By Amanda Litvinov
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It’s the school funding crisis that too few people are talking about: Congress allowed the Secure Rural Schools Act (SRS) to expire over a year ago. Final payments went out in March.
Now, rural school districts in 42 states across the nation are preparing for devastating budget cuts that will directly affect the 9 million students they educate.
Like all districts located near federal protected lands removed from local tax rolls, Washington’s Stevenson-Carson School District relies on SRS funds to offset that missing source of revenue that communities use to fund schools. Roughly 80 percent of Skamania County is protected forest land, and less than 2 percent holds taxable property.
After years of shrinking payments, the complete loss of SRS funds will take a tremendous toll.
Stevenson-Carson students could lose music, visual arts, theater, and sports. Class sizes will grow if teachers and paraprofessionals lose their jobs—and those cuts are on the table.
“We had enough reserves that we could keep everything running for the 2016-17 school year,” said Karen Douglass, superintendent of the Stevenson-Carson School District. “But we have to make $1.4 million in cuts for next year to make up for the loss of SRS funds.”
Superintendent Karen Douglass’s video message to Congress.
She has made several trips to Washington, D.C., to talk to lawmakers about the impact their inaction will have on students like hers.
Since SRS payments started shrinking back in 2010, Stevenson-Carson has already lost all librarians and counselors in its elementary schools, where class sizes also increased. The community of Carson lost its middle school, and its 7th and 8th graders were absorbed into the high school in Stevenson. There is no longer an alternative high school. Sports were pared down, and the swim team disbanded after the pool was permanently closed.
And the facilities are degrading.
“The desks, the chairs, the lockers, the windows, the floors—they’re all in terrible condition,” said Erin Riggins, a Spanish teacher at Stevenson High School. “I love this job, my co-workers, and the kids. But when I come to work, I’m walking into a dirty classroom straight out of the 1970s.”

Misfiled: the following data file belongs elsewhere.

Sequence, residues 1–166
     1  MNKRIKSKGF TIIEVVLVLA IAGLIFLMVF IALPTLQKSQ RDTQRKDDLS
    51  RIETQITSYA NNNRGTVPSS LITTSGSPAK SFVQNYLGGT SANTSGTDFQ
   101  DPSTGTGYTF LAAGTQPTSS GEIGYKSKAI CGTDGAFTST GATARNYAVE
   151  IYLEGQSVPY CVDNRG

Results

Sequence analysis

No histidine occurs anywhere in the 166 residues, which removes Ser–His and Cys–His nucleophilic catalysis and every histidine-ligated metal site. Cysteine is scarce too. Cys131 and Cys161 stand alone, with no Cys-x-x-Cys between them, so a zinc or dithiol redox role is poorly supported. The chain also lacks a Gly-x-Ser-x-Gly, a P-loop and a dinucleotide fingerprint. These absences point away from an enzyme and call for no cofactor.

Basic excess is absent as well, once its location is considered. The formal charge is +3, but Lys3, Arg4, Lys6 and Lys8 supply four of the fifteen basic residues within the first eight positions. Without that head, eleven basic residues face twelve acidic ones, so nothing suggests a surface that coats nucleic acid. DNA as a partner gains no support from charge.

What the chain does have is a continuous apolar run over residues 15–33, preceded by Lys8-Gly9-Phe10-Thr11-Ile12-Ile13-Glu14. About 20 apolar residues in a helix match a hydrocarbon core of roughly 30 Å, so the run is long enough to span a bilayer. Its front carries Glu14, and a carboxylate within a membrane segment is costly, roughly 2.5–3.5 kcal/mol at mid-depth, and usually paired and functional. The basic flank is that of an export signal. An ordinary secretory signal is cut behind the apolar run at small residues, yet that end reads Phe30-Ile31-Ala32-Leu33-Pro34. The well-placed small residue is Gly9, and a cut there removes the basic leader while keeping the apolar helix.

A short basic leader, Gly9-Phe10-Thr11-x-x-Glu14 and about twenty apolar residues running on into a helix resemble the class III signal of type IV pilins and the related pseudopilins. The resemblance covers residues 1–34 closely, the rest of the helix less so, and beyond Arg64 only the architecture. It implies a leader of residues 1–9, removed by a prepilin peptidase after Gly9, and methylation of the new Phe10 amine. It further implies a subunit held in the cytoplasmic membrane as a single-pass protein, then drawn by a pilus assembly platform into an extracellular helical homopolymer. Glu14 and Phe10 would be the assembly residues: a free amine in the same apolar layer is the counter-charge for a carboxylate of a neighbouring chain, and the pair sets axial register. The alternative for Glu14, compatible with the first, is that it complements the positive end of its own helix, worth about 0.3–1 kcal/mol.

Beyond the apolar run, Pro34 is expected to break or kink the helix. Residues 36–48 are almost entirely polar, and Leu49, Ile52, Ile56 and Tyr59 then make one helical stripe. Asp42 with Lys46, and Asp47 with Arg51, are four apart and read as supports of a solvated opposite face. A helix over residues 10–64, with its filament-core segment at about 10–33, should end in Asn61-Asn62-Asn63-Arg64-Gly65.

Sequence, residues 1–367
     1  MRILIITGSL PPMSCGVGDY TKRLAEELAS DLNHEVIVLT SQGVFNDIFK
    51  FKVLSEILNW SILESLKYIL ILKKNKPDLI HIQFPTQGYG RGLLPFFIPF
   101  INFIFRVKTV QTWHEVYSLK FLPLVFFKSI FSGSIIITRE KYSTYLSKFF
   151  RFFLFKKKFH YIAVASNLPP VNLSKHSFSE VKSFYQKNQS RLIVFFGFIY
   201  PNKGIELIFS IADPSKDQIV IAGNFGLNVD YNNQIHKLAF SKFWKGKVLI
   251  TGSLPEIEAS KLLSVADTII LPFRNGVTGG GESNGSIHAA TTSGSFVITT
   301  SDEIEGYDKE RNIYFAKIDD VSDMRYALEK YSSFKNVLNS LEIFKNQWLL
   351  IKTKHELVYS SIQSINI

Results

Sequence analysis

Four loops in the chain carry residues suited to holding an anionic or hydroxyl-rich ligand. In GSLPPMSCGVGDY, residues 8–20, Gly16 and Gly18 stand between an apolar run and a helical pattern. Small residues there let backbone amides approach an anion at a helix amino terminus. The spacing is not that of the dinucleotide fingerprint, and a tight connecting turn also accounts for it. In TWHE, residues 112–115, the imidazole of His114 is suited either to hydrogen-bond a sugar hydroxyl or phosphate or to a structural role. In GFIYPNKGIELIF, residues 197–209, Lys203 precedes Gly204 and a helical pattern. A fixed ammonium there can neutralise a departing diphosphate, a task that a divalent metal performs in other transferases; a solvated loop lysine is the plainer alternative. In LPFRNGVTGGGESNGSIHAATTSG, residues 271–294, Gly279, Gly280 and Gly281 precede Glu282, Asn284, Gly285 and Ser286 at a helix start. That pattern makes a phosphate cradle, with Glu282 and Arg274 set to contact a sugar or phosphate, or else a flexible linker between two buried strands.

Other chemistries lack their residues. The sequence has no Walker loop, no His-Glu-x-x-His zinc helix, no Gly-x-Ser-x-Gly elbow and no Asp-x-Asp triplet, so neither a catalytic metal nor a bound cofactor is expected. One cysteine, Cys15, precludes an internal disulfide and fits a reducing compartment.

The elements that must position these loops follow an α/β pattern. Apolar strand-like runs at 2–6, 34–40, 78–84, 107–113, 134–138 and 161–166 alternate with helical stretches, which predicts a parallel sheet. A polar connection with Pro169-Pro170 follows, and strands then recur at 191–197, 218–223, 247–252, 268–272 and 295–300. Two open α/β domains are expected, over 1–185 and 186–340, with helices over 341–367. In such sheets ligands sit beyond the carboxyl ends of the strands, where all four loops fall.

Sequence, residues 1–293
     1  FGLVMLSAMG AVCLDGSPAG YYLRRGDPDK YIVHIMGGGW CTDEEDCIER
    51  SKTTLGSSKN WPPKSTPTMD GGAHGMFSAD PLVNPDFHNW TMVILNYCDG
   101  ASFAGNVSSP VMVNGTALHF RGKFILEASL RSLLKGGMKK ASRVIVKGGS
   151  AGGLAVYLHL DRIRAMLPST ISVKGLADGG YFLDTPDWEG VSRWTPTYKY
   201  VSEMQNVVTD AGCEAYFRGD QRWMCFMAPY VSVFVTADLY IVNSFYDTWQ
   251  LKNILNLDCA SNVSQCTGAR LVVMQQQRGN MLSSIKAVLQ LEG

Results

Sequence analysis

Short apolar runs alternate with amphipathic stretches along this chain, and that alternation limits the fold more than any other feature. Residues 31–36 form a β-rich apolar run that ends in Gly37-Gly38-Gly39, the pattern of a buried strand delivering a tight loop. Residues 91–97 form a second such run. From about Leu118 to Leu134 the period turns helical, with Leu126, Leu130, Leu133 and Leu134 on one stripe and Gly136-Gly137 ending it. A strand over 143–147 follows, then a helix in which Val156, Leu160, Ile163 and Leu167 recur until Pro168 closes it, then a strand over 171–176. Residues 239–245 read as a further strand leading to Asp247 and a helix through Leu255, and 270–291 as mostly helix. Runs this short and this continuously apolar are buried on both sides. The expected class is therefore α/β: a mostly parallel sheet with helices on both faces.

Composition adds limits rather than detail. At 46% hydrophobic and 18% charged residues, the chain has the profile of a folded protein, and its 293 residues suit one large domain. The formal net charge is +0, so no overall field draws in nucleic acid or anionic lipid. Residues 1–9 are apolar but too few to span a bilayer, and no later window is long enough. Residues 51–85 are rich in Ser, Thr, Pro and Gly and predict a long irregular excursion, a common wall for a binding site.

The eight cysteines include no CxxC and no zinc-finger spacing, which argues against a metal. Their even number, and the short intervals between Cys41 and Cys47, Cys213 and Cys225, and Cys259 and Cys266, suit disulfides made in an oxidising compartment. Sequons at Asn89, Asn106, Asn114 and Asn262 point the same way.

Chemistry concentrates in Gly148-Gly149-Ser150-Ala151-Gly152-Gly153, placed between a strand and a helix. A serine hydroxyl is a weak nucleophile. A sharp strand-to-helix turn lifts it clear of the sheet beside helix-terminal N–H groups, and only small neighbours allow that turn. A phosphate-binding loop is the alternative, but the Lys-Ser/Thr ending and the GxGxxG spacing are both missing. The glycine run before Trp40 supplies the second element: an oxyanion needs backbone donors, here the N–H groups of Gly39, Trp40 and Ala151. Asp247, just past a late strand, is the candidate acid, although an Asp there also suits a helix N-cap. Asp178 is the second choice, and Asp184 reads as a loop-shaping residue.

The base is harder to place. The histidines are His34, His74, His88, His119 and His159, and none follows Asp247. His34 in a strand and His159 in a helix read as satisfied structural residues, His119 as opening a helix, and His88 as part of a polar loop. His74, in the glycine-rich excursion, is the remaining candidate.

Riggins, a National Board Certified Teacher with 15 years of experience, says the Stevenson-Carson district where she has taught for three-plus years is on a downhill trajectory, despite the passage of local levies to support the schools in 2012 and 2015.
On top of everything else, educators have had to absorb steep increases in the cost of their health insurance, which has affected their own bottom lines.
Riggins describes the staff as “exhausted and demoralized, which is not good for the students.”
She says right now the future is even bleaker, since any additional budget cuts will mean a less diverse curriculum and less one-on-one time between educators and students.
“This all sends a really unfortunate message to students who happen to live in rural counties, that their education isn’t important enough and that we are okay with them having less opportunity than students in other districts,” Riggins said.
The funding losses have been difficult both professionally and personally for Superintendent Douglass, a lifelong resident of the area with 28 years in the school district, first as an elementary teacher and then as a principal.
“I believe strongly in a system that supports the whole child,” said Douglass. “Arts and sports and languages are not superfluous. But that $1.4 million has to come from somewhere. All we can do is be completely transparent during the budgeting process, and listen to the community.”
But ideally Congress will step up and fulfill its promise to rural schools.
“I’d like to see the Secure Rural Schools Act renewed for at least five years,” Douglass said, “so rural communities like ours don’t have to go through this terrifying scenario again anytime soon.”